The field of digital money is full of words that are not always clear even to experienced traders. Together with crypto news aggregator buidlbee, we talk about what phrases a novice user needs to know in order to pass for his own in any conversation about cryptocurrency.
In the world of cryptocurrencies, there will always be someone who "holds" or suffers from obsessive cryptocurrency disorder.
Virtual currencies have moved from being a topic for discussion in a limited circle of enthusiasts to the status of a full-blown new culture. Cryptocurrency traders use some of the phrases that are familiar in the world of finance: pump and dump, buying on dips, FOMO (Forgone Profit Syndrome) and FUD (Fear, Uncertainty and Doubt). But gradually, a heated debate about the future of bitcoin – skyrocketing or crashing – gave life to a new jargon that is characteristic of the digital currency ecosystem.
Hodl – one of the most popular phrases in the community. It's an acronym for "hold on tight" applied to cryptocurrency investors who will never sell it. In the crypto world, this word appeared as a result of a typo: a member of one of the forums wrote “hodl” instead of “hold”, and since then this mistake has been firmly rooted in the trading community, symbolizing the belief in the growth of bitcoin.
Lambo – when is the lambo? This question means: when will a bitcoin holder be able to buy a Lamborghini when cashing out cryptocurrency? In other words, it means – when should you sell bitcoin or another cryptocurrency?
Hyperbitcoinization is the theory that bitcoin will eventually gain the status of a monetary system as people around the world move away from fiat currencies in favor of cryptocurrencies.
Obsessive-Cryptocurrency Disorder (OCD) – the expression comes from the medical term "obsessive-compulsive disorder". Denotes a problem that many bitcoin enthusiasts face: they just can't stop talking about bitcoin. The manifestation of this syndrome spoils relationships, because at some point friends and family members get tired of the constant chatter about cryptocurrencies.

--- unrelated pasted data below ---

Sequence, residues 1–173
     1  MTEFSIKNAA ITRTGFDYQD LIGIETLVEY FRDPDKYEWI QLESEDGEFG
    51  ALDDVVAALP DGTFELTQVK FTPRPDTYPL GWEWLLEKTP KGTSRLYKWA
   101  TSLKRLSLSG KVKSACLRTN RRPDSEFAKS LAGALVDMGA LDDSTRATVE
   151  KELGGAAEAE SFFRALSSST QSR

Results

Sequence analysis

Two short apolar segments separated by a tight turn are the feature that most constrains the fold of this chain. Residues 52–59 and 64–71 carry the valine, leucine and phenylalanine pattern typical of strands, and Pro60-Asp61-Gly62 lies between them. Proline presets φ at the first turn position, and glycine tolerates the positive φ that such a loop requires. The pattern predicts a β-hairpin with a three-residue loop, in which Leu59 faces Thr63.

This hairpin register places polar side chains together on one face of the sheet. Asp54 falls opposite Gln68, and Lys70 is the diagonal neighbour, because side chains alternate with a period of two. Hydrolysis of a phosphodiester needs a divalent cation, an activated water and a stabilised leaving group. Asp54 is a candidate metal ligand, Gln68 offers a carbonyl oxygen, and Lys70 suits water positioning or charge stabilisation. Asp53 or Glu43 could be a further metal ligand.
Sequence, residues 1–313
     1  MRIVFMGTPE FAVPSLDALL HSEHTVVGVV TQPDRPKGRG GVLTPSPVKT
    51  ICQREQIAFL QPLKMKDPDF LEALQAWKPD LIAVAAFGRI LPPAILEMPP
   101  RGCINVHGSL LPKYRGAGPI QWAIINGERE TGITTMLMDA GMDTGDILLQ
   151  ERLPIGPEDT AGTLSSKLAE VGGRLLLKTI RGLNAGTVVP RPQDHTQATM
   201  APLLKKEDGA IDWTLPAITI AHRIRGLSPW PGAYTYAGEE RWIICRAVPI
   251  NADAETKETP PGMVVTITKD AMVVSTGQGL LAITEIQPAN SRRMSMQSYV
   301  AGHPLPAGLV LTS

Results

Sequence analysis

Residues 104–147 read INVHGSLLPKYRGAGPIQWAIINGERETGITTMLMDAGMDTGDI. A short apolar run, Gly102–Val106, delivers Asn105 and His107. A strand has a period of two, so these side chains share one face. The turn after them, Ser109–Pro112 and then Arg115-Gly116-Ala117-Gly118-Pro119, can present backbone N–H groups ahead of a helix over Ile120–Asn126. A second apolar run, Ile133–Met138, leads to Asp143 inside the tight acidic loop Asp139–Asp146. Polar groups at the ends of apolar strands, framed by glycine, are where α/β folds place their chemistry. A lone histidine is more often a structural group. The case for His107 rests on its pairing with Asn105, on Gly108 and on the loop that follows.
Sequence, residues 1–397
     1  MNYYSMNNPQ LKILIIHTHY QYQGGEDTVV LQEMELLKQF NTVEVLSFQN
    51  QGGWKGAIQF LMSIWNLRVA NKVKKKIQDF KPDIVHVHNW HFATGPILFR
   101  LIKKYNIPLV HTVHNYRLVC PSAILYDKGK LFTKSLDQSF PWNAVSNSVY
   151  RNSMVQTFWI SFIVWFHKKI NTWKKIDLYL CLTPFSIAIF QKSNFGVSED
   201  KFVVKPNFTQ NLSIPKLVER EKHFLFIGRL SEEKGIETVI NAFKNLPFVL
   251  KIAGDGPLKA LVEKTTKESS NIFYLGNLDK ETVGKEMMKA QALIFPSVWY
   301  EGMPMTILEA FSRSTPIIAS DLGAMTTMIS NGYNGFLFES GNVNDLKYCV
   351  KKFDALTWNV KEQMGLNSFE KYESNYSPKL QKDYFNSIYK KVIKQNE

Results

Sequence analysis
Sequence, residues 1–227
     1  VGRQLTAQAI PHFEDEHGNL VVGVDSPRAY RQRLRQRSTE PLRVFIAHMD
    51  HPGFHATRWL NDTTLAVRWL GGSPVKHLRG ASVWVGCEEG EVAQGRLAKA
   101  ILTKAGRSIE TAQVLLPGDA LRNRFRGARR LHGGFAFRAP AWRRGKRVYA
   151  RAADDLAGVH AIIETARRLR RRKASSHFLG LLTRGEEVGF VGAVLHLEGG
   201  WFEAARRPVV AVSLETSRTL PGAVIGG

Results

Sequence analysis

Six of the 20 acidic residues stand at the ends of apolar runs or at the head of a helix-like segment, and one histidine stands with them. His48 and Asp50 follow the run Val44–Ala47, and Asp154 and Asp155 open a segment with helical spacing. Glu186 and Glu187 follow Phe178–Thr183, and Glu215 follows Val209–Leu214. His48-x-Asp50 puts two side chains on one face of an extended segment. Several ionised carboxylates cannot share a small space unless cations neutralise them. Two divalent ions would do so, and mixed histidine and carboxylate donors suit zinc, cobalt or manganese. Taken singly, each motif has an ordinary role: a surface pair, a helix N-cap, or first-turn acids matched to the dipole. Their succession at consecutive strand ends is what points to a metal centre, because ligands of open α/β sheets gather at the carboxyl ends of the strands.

Bitshaming – this word is used when someone tries to shame an investor who has been trading bitcoin for several years, but never became a millionaire.
Nocoiner – a derogatory phrase used for naysayers who missed the opportunity to buy bitcoin a few years earlier and are now venting their anger by proclaiming that bitcoin is a scam and is bound to crash.
The popularization of alternative digital currencies, or so-called altcoins, has sparked a fierce debate over which cryptocurrency will ultimately prevail.
A Bitcoin maximalist is an investor who is purely bitcoin obsessed. These people see the only way to capitalize on the cryptocurrency revolution is to focus all their attention and energy on one coin, specifically Bitcoin. For maximalists, other digital currencies such as ethereum and litecoin will always be inferior to the “original product”.
Flippening – websites dedicated to tracking the market capitalization of various cryptocurrencies are waiting for an important phenomenon: "flippening". With altcoin prices rising, some market participants are looking forward to the day when Ethereum overtakes Bitcoin in terms of market capitalization, dethroning the originally dominant coin and signaling a potential upheaval in the cryptocurrency market.
Caching – similarly, this term refers to the point at which Bitcoin Cash surpasses Bitcoin in terms of market capitalization.
And finally, with the advent of numerous coins and amid increased security concerns, you can always hear conflicting debates in the community about what is legal and what is a scam.
Goxed – comes from the name of the Japanese crypto exchange Mt. Gox, which was hacked in 2014. This word is used when someone is having trouble withdrawing bitcoins from an exchange account, particularly after a hacker attack or outage.
Shilling – all industries have "barkers" – deceptive promoters who advertise products for their own benefit. The term is also widely used among cryptocurrency enthusiasts, where many investors are skeptical about new digital currencies or wary of “pump and dump” schemes, in which the price of a coin first inflates and then collapses when holders get rid of it completely.
Scamcoins are coins that have no value and are often associated with scams. Some use this expression to mean probable or proven fraud, while others mean by scamcoins all cryptocurrencies except bitcoin.
Of course, there are a huge number of other abbreviations and expressions in the slang of cryptocurrency traders. But don't worry if one of them is not on our list. With the acquisition of experience in the market, you will begin to navigate it well, and you will become familiar with all the words that are often used by experienced crypto investors.